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Stay ahead of the curve with Vendor Risk Management

A proactive approach to privacy can reduce risks and add value to your business

What does it mean to be proactive?

Merriam-Webster’s Dictionary defines proactive as: “Acting in anticipation of future problems, needs, or changes.”  In the realm of privacy, there is a real spectrum of proactivity: At one end, would be novel approaches to privacy, not just compliance but trailblazing. Another level of proactivity would be implementing changes prior to the compliance date.  At the other end of “proactivity” is implementing changes prior to receiving a regulatory compliance letter.

Why should my organization be proactive about privacy?

Proactive privacy approaches are an opportunity to generate value (carrot) or limit risks (avoid the stick).

The General Data Protection Regulation, (GDPR) [European Union] for instance protects privacy with the threat of a very big stick.  A company that infringes GDPR can be fined up to 20,000,000 Euros or 4% of the company’s total worldwide annual turnover for the previous year, whichever is higher.  20,000,000 Euros is already a hefty fine, but the 4% fine can be orders of magnitude greater for some large companies.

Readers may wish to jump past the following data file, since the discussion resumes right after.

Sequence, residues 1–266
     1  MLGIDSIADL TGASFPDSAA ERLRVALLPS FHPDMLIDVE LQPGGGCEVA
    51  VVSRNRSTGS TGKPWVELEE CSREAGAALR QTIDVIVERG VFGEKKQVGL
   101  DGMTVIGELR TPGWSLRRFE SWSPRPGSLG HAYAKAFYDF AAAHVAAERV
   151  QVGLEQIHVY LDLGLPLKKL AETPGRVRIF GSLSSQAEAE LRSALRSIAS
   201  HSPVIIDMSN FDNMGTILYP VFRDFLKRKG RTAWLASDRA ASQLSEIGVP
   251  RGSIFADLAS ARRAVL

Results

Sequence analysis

With that looming threat, data controllers and processors have to ask themselves, “is my organization compliant?” The answer to that question isn’t always clear.  GDPR and the California Consumer Privacy Act (CCPA) [USA] both require “appropriate” security measures be taken to protect data.  The Lei Geral de Proteção de Dados Pessoais (LGPD) [Brazil] requires security measures that are able to protect personal data.  There will usually be ambiguity about whether these provisions have been successfully complied with.  In such circumstances, it can be prudent to have absolute certainty of your compliance.  If you have very advanced security measures in place, there is much less likelihood of a breach (the absence of which can protect you from liability under the CCPA), but you will also have a much more defensible claim that your security measures are “appropriate” or are able to protect personal data.